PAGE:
If we’ve learned anything from the wrenching changes in society in recent years, it’s this: Business as usual is a losing proposition. The implications go well beyond culture—they hold profound meaning for commerce, as well.
In this era of slow growth, traditional segments are often too mature (and too hardened to marketing messages) to offer significant growth potential. Winning in new ways increasingly means unlocking demand in overlooked places.
The fact is, the market is filled with groups that actually want to hear more from brands. Moreover, they’re actually frustrated when brands don’t give them the attention and respect they deserve. And these groups include not just familiar ethnic or racial segments like African Americans, Asian Americans and Hispanics. They also include active-duty and military reserves, people with disabilities, and LGBTQ+ consumers. Even Millennials and Centennials often don’t believe brands properly serve them.
The level of frustration these groups share is the common thread among Invisible Markets. These groups may agree on little else, but they’re bound by an intense belief that they’re being overlooked and underappreciated by brands and businesses. The term Top-2 Box is marketing jargon for when people either “agree” or “strongly agree” with a statement, but what’s notable here is how much more likely these Invisible Markets are to “strongly agree” (Top Box). It’s not so much that these groups feel vaguely like an afterthought, but rather that they feel intensely so.
There’s good news for brands here. These markets are defined and knowable; they are existing opportunities that can be leveraged today. And they want brands to stand up for them and their communities. Matching this desire doesn’t require a complete retooling of your brand image to serve every non-major market out there. But it does require advocacy over apathy.
So it’s imperative to understand: Who are you missing?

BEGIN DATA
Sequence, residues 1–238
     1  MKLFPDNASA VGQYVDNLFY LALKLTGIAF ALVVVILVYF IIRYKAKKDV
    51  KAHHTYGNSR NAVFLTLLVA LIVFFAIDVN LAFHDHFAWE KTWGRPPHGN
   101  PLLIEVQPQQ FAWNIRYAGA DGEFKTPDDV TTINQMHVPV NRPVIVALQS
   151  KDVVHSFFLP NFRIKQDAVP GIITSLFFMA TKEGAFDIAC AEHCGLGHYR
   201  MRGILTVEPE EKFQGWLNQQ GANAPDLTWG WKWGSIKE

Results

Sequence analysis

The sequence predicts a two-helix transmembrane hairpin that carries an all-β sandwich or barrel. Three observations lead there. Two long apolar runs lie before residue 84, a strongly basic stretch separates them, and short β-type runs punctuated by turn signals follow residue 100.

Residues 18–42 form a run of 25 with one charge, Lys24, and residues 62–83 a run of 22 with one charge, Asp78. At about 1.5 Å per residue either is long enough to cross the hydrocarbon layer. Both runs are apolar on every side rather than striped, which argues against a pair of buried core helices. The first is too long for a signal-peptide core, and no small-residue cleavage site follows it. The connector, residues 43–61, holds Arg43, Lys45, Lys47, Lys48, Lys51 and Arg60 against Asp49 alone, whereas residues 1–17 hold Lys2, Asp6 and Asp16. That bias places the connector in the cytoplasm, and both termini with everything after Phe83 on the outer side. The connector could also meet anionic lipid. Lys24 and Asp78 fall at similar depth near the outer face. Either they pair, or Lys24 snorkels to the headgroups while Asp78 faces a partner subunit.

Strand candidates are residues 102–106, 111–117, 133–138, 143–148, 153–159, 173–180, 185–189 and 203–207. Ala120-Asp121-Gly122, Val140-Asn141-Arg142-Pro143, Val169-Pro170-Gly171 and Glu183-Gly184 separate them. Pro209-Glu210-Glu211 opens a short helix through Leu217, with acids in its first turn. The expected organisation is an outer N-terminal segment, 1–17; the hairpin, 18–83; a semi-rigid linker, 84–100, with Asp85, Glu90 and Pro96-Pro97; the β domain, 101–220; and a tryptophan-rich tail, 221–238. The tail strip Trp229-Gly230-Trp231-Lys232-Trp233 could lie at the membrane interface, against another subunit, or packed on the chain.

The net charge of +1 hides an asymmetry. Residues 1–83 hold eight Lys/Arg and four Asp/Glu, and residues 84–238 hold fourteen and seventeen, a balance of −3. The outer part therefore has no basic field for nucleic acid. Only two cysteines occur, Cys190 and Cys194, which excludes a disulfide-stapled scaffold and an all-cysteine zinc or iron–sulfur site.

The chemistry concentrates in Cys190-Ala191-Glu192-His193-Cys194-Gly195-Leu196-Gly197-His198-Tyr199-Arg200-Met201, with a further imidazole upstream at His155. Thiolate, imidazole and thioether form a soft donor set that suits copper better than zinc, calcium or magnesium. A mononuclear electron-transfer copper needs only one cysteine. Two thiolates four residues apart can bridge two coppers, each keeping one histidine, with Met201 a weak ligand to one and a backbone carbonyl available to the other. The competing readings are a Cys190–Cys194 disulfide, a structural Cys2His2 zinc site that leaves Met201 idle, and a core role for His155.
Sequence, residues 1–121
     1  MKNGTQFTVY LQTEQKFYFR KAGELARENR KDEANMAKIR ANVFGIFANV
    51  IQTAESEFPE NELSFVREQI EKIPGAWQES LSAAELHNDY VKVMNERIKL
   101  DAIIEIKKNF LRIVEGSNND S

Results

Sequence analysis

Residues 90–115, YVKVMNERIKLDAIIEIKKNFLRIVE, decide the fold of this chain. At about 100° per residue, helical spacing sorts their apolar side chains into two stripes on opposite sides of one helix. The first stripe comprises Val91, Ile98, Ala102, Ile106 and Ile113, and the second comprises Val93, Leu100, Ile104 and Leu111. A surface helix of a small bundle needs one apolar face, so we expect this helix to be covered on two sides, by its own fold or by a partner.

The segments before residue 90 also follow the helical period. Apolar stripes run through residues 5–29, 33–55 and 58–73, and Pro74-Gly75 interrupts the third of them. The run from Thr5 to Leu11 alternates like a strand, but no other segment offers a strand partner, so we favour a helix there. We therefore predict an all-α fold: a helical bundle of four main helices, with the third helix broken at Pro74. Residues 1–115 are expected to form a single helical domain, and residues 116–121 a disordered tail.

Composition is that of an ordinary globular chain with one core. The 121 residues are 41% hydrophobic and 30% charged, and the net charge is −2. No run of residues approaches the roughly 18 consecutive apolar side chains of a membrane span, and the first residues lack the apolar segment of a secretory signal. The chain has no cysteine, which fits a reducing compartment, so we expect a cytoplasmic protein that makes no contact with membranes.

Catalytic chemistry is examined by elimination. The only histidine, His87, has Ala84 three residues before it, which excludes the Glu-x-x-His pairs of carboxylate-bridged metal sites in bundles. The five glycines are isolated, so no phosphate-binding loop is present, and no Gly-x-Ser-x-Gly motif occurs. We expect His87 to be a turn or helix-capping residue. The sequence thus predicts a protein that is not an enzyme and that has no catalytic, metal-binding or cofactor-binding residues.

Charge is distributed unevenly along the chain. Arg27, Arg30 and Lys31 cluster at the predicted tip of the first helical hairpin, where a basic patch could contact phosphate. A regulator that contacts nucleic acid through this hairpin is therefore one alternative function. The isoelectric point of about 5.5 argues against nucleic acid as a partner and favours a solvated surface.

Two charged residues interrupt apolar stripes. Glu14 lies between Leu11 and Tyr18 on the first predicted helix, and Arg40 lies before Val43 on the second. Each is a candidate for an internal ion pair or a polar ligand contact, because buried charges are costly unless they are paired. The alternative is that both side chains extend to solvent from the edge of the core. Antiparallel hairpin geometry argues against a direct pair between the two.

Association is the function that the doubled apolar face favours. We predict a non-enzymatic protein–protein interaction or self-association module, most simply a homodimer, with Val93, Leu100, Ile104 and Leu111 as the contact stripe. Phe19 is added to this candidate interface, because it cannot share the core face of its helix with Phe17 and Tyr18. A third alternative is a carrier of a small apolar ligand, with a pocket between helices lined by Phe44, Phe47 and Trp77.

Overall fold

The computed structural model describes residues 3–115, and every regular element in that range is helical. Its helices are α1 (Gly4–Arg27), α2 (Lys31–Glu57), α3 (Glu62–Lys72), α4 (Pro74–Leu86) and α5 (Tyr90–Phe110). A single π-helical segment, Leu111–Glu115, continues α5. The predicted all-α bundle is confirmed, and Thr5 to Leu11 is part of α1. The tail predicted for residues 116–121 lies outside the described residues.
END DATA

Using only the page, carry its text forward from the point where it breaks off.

Start by finding the groups that best fit with your business. It’s clear that there’s demand for new products, commercials and programs that better fit the needs of these segments. But to serve them, you need to know them. What do these people look like in the 99% of the time they aren’t interacting with your brand? What do they value? What attitudes and beliefs do they hold? What nuances stand out as points of differentiation?
But it’s not enough to create products and services to fulfill niche market needs. The new inclusivity mandate requires companies take a holistic approach to inclusion and diversity. In order to win in Invisible Markets, openness and respect for your markets must run through every aspect of your business—from marketing communications to product innovation to human resources and store design. This may seem like a tall order if you’re just starting to consider broadening your appeal to Invisible Markets. But the effort will be worth it: Studies show more inclusive brands outperform their peers in the marketplace.
Businesses that reach out to Invisible Markets can expect benefits beyond a bigger buyer base. They’ll also enjoy enhanced brand reputation and a future-focused corporate culture. As society edges ever closer to its majority-minority future, these companies will be prepared, knowing that the people building their brand will ideate and innovate like the people buying their brand.
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Branding Strategy Insider is a service of The Blake Project: A strategic brand consultancy specializing in Brand Research, Brand Strategy, Brand Growth and Brand Education